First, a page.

I was recently part of a virtual session, discussing what transformation will look like for various industries. One of the points that emerged is that the one industry that has had to transform itself completely, without having the luxury or time to think about it is Healthcare. Healthcare will emerge from this a transformed industry – in their rapid tech adoption; in their business processes and; in the mindset of the clinicians and administrative staff who’ve been at the frontline of this crisis. Will this be a revolution, or will the industry have to step back, once the immediate crisis is over?
Here are my thoughts on what is happening to the industry now and where we might be headed.
I know I don’t sound very futuristic when I say that the biggest win from this crisis for the Healthcare industry will be the widespread adoption of telemedicine. We have heard the term bandied around for more than half a century now and over the years we have coined terms such as eHealth, digital health, mHealth and remote care, with the evolution of technology. Several healthcare providers in the Asia Pacific have implemented teleconsultation facilities to provide healthcare to remote, underserved regions and to out-of-country patients (especially those that actively seek to serve in the medical tourism space). Even for healthcare organisations that have the technology capabilities, it did not always make financial or regulatory sense to push for widespread adoption.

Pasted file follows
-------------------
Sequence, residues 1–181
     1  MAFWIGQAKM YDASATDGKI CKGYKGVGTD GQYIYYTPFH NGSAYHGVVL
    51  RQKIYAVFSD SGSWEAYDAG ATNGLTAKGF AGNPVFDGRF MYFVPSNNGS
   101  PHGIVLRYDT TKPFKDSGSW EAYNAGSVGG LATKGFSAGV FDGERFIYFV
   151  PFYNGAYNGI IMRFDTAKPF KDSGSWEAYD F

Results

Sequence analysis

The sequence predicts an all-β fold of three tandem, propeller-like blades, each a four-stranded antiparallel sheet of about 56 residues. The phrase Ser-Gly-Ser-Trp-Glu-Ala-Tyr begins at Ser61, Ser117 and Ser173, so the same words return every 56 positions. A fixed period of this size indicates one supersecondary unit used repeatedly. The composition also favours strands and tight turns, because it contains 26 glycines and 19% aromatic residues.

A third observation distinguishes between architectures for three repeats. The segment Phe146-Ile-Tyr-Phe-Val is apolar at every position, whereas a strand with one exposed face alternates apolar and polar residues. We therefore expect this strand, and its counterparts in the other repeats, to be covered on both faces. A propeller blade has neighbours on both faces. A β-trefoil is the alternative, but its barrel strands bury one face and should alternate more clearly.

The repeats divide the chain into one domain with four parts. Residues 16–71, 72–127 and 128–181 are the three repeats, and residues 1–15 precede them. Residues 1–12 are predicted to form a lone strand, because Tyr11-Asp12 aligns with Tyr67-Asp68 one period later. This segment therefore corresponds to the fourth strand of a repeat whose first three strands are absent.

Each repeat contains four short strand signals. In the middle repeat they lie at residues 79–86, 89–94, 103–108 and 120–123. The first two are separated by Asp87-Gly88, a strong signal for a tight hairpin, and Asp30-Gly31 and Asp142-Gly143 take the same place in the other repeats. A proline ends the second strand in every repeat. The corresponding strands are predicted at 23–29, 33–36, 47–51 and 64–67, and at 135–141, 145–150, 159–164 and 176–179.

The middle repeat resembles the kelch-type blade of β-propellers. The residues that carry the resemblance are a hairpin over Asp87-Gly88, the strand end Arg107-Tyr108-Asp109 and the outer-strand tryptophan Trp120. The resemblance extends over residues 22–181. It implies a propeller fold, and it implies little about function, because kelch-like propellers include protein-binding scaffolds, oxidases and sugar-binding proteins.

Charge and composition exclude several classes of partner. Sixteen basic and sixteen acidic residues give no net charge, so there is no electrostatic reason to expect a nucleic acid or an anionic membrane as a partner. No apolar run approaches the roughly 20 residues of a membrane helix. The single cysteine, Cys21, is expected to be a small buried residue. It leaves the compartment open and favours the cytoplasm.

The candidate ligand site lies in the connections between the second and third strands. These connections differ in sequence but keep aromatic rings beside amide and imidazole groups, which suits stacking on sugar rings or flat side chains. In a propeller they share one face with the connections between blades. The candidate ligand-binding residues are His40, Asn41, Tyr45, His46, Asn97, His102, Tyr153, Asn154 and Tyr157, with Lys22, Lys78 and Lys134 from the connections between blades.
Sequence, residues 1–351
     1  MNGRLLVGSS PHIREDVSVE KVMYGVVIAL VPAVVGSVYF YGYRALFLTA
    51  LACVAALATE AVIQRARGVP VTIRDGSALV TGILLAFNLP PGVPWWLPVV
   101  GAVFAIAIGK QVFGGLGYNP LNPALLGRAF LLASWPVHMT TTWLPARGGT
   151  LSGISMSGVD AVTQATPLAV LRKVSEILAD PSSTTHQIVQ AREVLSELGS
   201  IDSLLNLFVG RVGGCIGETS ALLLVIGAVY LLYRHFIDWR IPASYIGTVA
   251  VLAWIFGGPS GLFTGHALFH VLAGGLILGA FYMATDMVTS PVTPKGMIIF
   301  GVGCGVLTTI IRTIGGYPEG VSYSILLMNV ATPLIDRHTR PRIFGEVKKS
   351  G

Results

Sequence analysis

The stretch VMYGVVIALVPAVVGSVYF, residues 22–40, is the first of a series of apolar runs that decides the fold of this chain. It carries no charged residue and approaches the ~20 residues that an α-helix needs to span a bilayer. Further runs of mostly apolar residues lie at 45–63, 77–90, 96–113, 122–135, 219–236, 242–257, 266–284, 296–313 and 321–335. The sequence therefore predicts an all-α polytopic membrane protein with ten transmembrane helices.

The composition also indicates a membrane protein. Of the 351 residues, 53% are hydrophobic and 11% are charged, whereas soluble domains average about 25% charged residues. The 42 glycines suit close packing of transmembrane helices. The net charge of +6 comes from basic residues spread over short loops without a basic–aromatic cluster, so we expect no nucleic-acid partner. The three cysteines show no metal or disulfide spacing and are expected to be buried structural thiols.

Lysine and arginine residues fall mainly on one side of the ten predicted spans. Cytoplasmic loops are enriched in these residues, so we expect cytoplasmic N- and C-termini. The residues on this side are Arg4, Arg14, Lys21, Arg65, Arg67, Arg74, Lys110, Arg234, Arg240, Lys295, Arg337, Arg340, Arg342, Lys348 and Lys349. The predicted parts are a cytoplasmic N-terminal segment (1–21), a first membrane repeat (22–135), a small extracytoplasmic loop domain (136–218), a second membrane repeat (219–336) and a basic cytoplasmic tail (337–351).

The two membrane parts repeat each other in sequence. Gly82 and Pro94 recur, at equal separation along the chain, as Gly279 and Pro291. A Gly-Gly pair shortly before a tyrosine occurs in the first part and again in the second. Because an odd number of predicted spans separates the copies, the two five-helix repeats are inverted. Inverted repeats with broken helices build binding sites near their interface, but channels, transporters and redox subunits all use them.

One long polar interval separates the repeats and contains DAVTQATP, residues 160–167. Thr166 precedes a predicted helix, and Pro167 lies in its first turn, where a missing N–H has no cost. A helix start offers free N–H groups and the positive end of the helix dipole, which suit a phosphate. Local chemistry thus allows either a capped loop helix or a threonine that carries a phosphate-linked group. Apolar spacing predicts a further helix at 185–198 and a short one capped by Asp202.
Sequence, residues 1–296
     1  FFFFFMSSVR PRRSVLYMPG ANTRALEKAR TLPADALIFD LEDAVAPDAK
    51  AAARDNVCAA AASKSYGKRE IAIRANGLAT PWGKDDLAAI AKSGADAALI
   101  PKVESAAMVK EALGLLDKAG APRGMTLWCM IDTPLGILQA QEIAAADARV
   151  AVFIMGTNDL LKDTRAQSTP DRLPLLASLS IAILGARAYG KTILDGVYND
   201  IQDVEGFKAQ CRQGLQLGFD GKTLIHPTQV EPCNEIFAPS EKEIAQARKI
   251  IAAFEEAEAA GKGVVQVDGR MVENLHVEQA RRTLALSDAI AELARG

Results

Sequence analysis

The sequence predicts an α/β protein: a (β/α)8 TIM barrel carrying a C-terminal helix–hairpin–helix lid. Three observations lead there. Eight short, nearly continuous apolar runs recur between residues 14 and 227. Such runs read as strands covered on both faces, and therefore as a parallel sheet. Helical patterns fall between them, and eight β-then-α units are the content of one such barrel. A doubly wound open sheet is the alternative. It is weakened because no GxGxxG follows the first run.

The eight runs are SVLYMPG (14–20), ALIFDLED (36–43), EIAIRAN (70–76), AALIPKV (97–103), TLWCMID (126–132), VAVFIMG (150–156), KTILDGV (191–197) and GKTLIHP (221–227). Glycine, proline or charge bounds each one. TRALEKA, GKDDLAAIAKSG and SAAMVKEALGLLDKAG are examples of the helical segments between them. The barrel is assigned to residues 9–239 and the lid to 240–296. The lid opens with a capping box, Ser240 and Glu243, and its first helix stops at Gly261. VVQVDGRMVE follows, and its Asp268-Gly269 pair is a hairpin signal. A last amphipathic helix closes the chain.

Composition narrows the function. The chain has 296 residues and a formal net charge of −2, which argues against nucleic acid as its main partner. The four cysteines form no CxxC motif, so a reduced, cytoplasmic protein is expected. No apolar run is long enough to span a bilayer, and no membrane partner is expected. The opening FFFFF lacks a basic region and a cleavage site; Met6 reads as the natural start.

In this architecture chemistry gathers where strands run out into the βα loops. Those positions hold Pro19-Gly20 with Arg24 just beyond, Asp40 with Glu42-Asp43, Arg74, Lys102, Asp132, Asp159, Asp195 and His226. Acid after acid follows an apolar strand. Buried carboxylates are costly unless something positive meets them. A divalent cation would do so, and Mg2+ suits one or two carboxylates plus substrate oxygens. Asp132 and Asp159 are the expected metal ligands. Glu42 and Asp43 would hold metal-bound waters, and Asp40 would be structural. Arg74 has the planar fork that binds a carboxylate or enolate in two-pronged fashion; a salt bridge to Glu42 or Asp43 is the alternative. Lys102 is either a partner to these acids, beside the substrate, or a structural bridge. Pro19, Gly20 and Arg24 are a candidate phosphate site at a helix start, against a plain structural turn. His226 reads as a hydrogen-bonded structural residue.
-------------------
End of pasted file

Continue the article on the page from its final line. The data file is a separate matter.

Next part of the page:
They have had to rush into it now, often throwing caution about cybersecurity and compliance to the winds. I am not saying that their hesitation will not return once this immediate crisis dies down – but what will happen is that governments will work with cybersecurity and legal experts to mandate it better. Once these guidelines are clearer, healthcare providers will be forced to create workflows and assign responsibilities. So, remote care where your healthcare provider will liaise with the data from your personal devices is not far off.